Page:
In the realm of economics, understanding human preferences and decision-making processes is crucial to unraveling the complexities of consumer behavior. Two fundamental concepts that shed light on this intricate subject are cardinal and ordinal utility.

Define Utility

Satisfaction drawn by the consumer from consuming a certain amount of good is called utility. This blog shows the difference between cardinal and ordinal utility.

Cardinal Utility

Cardinal utility refers to assigning numerical values to measure the satisfaction or utility a person experiences from consuming goods or services. it assumes that utility can be quantified and compared across individuals.

  • Measureabliblty of utility is controversial
  • Classical economists, etc viz, jeremy bentham Leon Walrus, Carl Menger, etc believed that utility is quantitatively measurable like height, weight, length, temperature, and air pressure.
  • This belief resulted in the cardinal utility concept
alfred marshal
Portrait of British economist and author Alfred Marshall (1842 – 1924), late 19th or early 20th century.

According to non-economist

  • The utility can be measured in terms of money.
  • i.e, the utility of a unit of a commodity of a person is equal to the amount of money he is willing to pay for it
  • Jevon in 1871 coined and used the term”util”.


No of items Utils per consumption
The above example shows the numerical satisfaction of the consumer per consumption.

Ordinal Utility

Ordinal utility is a concept in economics that relates to the ranking or ordering of preferences without assigning specific numerical values to them. It recognizes that individuals can establish a subjective ranking of different alternatives or options based on their preference order.

  • For example, suppose there are three options: A, B, and C. Ordinal utility theory allows individuals to rank these options based on their preference order. If an individual prefers option A the most, followed by option B, and then option C, the ranking would be A > B > C.
  • This ranking indicates the individual’s ordinal utility, reflecting the preference order among the alternatives.
John Richards Hicks

Sir John Richards Hicks (8 April 1904 – 20 May 1989) was a British economist. He is considered one of the most important and influential economists of the twentieth century.


No of itemsRanks per consumption
Dragon fruit
The above example shows the ranking preference of a consumer per consumption.
difference between cardinal and ordinal utility

Difference between cardinal utility and ordinal utility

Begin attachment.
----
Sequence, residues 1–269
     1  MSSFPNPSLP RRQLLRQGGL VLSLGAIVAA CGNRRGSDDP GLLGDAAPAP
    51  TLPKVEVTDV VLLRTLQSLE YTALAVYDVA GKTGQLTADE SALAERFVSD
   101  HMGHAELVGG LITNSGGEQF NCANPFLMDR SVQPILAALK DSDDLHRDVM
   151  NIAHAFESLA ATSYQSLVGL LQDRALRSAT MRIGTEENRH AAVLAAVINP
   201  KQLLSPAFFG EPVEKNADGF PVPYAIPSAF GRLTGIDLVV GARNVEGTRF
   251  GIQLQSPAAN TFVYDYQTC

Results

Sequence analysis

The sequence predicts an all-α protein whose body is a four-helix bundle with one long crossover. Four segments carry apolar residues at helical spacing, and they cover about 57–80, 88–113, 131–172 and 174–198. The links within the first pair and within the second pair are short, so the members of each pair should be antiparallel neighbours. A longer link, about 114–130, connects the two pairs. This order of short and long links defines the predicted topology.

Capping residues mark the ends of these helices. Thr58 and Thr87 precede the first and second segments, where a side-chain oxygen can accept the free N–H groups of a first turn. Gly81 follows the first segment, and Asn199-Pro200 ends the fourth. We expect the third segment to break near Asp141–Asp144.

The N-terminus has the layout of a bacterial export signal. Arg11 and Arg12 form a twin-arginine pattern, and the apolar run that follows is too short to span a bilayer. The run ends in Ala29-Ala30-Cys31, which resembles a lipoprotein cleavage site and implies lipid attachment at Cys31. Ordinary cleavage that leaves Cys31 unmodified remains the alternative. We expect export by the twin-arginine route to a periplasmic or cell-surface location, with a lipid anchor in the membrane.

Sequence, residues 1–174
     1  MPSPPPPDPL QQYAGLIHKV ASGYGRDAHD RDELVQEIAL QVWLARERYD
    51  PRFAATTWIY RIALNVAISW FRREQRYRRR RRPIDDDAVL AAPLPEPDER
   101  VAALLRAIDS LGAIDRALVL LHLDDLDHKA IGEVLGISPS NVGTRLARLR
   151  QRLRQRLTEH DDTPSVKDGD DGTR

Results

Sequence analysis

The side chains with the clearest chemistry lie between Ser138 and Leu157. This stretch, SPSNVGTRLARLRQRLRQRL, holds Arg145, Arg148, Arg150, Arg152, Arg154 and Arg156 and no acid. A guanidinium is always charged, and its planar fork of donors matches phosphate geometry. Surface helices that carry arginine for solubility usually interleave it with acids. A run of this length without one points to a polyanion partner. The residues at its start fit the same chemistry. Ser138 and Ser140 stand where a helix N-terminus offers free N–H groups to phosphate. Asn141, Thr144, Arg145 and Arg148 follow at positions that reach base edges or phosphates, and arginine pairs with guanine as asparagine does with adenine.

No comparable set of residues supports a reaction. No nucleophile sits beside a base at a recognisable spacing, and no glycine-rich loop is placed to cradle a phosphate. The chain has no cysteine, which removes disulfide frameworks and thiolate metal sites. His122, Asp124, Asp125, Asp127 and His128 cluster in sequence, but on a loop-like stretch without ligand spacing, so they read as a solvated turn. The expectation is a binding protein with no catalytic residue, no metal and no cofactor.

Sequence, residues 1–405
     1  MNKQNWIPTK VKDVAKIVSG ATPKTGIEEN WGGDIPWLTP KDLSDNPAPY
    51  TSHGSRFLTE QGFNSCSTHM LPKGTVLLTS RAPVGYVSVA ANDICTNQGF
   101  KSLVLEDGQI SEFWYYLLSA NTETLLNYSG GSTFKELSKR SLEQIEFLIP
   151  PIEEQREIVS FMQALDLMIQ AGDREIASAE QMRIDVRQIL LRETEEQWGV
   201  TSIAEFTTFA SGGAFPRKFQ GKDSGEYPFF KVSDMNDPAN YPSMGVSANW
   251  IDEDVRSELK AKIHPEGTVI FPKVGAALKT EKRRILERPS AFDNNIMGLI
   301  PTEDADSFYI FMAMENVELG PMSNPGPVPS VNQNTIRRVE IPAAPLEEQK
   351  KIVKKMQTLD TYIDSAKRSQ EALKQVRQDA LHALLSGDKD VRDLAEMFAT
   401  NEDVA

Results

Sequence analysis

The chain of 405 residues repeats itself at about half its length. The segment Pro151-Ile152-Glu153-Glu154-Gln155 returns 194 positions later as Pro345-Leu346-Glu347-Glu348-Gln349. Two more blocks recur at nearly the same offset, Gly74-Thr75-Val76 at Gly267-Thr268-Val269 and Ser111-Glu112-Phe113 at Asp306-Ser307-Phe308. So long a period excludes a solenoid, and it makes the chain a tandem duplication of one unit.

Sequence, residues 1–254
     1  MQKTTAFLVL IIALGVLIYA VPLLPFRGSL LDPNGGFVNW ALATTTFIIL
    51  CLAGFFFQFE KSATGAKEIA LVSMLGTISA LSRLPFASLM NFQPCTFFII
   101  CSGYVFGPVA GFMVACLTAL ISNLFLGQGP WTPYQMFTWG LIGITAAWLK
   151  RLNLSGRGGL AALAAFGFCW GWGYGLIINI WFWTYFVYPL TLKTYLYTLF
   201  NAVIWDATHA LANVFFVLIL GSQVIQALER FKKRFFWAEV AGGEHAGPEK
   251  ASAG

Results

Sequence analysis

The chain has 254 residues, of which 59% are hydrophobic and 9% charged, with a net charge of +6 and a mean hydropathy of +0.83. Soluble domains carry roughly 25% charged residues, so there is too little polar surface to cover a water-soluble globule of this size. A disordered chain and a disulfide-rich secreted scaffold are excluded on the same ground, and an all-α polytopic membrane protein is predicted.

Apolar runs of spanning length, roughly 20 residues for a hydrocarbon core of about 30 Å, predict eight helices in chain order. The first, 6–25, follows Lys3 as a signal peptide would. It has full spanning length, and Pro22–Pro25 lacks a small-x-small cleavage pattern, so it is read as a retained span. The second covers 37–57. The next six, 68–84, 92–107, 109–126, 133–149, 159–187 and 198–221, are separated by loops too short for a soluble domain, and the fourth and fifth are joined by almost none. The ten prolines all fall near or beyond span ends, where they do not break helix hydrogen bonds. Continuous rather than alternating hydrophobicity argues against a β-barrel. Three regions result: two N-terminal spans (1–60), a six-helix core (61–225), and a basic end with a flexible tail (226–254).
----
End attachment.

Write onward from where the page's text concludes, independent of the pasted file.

Cardinal utility Ordinal utility
Assigns numerical values to preferencesDoes not assign numerical values to preferences
Quantifies the intensity of preferencesFocuses on the relative ranking of preferences
Enables precise comparisons of utility levels between optionsAllows for comparisons based on preference order
Supports quantitative analysisProvides a qualitative understanding of preferences
Facilitates mathematical calculations and measurementsDoes not involve mathematical calculations or measurements
Example: Assigning a utility value of 8 to apples and 5 to orangesExample: Ranking apples higher than oranges
Remember, while this table provides a concise overview of the differences, it is important to delve deeper into each concept to fully grasp their implications in economic analysis and decision-making.


Cardinal utility and ordinal utility are instrumental in understanding consumer behavior and informing decision-making. The difference between cardinal utility and ordinal utility lies primarily in their approach to analyzing utility. Cardinal utility theory centers around allocating specific numerical values to the utility, offering a quantitative measure. In contrast, ordinal utility theory accentuates the importance of preference order, with less emphasis on the actual numerical value. Historically, cardinal utility held significant influence, but contemporary economics has seen a major shift towards ordinal utility, valuing its practicality and empirical pertinence. Grasping these two perspectives on utility, with their distinguishing differences, allows economists and policymakers to delve deeper into consumer decision-making and enhance the efficiency of resource distribution in a variety of economic scenarios.

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Also Please check out What Is The Difference Between Total Utility And Marginal Utility

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